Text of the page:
Since Little Quip is knocking on two years old, we rarely make it out to the first run movies. Sure, there are a plethora of films featuring happy, friendly, animated creatures, but since we crave a movie for grown ups, we’re relegated to NetFlix. It’s been a while since I shared any thoughts on the crop of available DVDs, so Mrs. Quip and I sat down this weekend to catch up on a couple of recent releases.
First up was The Departed, the Martin Scorsese directed Oscar winner. The only other nominee I have caught so far is Little Miss Sunshine, so my gauge may be a little off, but the rest of the BP nominees must have been pretty mediocre if The Departed scored the win. It wasn’t a bad movie, but it wasn’t terribly good either.
DiCaprio and Damon both did a very good job as undercover agents who have infiltrated the enemy territory and convinced their respective bosses of their loyalty. Toward the end of the film, DiCaprio tells Damon that he had the favor and trust of their boss – Jack Nicholson. The clear implication is that DiCaprio the rat, was more convincing to Costello than Damon the employee.
Unfortunately, the same can’t be said of their acting. Damon (and I know a lot of people disagree with this) is simply a much better actor than DiCaprio. Maybe the problem is Damon is just much more comfortable with the Southie accent, but he’s just more convincing. The two, however, completely outclass Nicholson.
Jack has reached the end of his career and apparently decided to keep playing the same character again and again. He’s now revised the same role for Batman, Witches of Eastwick, and The Departed, to mention a few. He’s going to end up like Marlon Brando – able to charge exorbitant amounts of money for the draw of his name, but ultimately unable to capture any of the magic of his earlier roles.
The biggest problem with The Departed, however, is the story. It’s predictable, there is little intrigue, and the ending is so contrived it’s pathetic. The story builds up this semi-adversarial relationship between DiCaprio and Wahlberg, and you figure the end will feature Wahlberg coming to the defense of his undercover agent. Instead, they conveniently suspend Wahlberg’s character in some sort of other-world where he completely ceases to exist. That is until he appears at the end of the film to tidy up the damage.
The ending is evidence of Quentin Tarantino’s impact on Hollywood. In just about every one of his films, the ending is the same – everybody dies. Scorsese took a page from that playbook and came up with a concocted story, and a weak ending to achieve the same effect. If that’s what they were after with this story, they should have gone to the master and let Quentin helm the pic.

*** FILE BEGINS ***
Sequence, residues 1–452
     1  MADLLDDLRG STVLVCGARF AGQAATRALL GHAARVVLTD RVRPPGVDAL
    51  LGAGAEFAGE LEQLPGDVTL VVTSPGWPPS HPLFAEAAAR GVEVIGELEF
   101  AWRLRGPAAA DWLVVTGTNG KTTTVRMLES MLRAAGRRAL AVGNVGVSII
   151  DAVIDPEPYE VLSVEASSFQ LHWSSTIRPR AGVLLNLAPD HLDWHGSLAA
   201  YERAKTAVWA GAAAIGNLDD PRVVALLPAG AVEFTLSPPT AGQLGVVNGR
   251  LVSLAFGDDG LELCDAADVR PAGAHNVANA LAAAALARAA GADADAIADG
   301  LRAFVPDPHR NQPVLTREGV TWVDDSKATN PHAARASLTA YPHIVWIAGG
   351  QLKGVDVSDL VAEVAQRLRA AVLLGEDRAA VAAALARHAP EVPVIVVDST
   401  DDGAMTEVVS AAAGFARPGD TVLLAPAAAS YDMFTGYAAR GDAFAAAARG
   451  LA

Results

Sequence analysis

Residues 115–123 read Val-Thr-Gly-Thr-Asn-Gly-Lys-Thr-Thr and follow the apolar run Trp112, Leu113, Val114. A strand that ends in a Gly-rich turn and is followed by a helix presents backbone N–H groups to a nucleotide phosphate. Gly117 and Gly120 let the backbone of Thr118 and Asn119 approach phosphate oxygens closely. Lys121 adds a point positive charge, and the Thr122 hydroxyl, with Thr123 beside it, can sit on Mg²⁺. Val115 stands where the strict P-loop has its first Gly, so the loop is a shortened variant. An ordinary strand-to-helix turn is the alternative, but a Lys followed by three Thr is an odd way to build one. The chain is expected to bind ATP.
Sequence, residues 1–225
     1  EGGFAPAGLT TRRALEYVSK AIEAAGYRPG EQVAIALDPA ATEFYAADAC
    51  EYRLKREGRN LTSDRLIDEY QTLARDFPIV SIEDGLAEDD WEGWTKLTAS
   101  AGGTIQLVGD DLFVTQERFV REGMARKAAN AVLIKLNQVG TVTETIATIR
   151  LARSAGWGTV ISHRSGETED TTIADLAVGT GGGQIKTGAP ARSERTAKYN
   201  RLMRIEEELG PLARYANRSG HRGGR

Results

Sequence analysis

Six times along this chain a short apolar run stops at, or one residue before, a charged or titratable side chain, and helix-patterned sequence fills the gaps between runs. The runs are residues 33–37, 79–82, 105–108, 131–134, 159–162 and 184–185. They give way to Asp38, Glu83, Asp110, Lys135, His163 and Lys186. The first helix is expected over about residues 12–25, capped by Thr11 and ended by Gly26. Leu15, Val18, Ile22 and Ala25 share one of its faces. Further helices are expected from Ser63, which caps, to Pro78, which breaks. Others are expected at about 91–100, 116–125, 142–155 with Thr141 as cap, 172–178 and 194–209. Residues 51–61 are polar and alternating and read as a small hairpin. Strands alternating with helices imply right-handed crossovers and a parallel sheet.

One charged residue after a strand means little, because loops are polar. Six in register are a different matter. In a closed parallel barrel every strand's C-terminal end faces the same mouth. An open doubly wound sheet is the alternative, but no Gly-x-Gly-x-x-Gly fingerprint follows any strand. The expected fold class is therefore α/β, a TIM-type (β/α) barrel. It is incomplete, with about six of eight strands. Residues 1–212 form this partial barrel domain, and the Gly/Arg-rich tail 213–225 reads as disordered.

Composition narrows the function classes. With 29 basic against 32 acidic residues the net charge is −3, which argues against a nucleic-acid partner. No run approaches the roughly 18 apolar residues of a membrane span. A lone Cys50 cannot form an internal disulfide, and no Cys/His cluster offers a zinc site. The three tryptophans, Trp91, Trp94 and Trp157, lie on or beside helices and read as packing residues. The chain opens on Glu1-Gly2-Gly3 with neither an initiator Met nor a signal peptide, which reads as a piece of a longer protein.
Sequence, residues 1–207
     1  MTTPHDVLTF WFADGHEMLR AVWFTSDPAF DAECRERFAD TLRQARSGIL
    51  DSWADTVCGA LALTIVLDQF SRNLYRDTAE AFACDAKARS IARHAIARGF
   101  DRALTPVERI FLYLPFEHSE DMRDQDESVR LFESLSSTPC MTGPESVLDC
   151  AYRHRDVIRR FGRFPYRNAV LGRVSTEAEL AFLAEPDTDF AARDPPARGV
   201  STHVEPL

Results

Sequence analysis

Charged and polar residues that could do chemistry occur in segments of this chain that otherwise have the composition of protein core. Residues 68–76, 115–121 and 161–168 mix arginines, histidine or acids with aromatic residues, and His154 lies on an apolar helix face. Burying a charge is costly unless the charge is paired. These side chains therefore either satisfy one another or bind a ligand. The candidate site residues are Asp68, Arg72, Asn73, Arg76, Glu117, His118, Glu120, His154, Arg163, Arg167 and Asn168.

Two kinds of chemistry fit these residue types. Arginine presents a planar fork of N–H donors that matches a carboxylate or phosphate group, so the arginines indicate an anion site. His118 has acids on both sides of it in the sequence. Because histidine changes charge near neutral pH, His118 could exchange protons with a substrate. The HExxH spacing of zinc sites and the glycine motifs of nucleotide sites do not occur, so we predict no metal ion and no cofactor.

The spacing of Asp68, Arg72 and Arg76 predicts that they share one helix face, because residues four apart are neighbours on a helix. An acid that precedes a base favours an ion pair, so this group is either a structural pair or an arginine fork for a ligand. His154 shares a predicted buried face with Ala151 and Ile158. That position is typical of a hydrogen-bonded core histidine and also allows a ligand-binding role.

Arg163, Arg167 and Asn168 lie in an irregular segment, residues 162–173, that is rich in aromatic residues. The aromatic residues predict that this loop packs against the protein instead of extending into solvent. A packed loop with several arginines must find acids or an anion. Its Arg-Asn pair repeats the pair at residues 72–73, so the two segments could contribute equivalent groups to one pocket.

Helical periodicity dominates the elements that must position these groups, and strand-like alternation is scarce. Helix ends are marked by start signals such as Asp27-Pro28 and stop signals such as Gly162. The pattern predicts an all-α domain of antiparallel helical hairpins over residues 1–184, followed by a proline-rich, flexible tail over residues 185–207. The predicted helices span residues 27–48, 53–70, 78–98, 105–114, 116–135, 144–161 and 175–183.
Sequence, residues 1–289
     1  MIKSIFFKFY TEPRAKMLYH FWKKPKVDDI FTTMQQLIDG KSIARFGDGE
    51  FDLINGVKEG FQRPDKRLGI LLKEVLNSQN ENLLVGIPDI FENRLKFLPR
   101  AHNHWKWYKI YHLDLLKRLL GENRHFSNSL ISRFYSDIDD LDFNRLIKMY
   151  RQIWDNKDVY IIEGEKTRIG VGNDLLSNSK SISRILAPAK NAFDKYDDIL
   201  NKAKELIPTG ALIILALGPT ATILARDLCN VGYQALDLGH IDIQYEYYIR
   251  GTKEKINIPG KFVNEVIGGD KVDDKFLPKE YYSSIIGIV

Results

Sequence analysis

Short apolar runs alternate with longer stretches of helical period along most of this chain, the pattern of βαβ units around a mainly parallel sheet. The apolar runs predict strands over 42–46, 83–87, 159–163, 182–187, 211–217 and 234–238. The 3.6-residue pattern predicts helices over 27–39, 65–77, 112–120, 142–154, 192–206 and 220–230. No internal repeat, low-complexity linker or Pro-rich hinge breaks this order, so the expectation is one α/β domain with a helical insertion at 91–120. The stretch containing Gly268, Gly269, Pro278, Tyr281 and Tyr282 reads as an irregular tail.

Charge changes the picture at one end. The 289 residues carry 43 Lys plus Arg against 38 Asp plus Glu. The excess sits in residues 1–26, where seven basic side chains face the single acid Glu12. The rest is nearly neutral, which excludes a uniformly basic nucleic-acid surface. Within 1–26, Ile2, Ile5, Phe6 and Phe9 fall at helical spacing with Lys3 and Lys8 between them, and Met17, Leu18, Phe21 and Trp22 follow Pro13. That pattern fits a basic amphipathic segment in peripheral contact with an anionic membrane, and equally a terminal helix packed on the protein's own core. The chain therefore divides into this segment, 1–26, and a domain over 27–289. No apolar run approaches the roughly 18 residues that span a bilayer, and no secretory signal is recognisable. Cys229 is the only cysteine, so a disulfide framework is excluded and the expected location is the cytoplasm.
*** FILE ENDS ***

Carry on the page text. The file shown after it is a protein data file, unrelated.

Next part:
The movie was entertaining, but of all the films that could have earned Scorsese the Oscar, Raging Bull and Taxi Driver were much better. This, to me, has the feeling of “we’re sorry” Oscars. They wanted to recognize Scorsese for being passed over by rewarding a rather mediocre movie with the Best Pic and Best Director nods. If you want to see Scorsese at his best, skip this and rent Goodfellas.
The Covenant is one of those films that has a great premise, and yet completely fails to deliver through a combination of poor acting, poor direction, poor writing, and poor special effects. If you stirke out on every one of those, you’re done. That’s where this movie comes in. Skip it on DVD, skip it on cable, and try to avoid the overwhelming sense of shame you’ll get from watching it.
The premise is, like I said, intriguing. What if the Salem witches were, in fact, actually witches? What if they had remarkable powers, some went into hiding after the trials, and their bloodlines continued with those powers through to present day. Sounds like it could make a good movie, right? Yes. But not this one.
Instead, the writers implement the clich√© machine and start cranking out pablum. About five minutes into this flick, I turned to Mrs. Quip and asked if she had figured out the storyline. She replied that she had figured out the plot, the character development and the ending. It really is that bad.
We kept watching. We were hoping for, at the very least, an awesome battle to the death between the good guy and the bad guy. What we got though, was a weak version of catch featuring sparkling orbs of goo that make the ground explode when you drop the ball. Compound that with the typical plot device of “We never found the bad guys body… hmmm… what could that mean?” and you end up with a lame set up for a possible sequel.
If you don’t mind watching a movie, knowing full well that it may make you retarded, then this is the flick for you.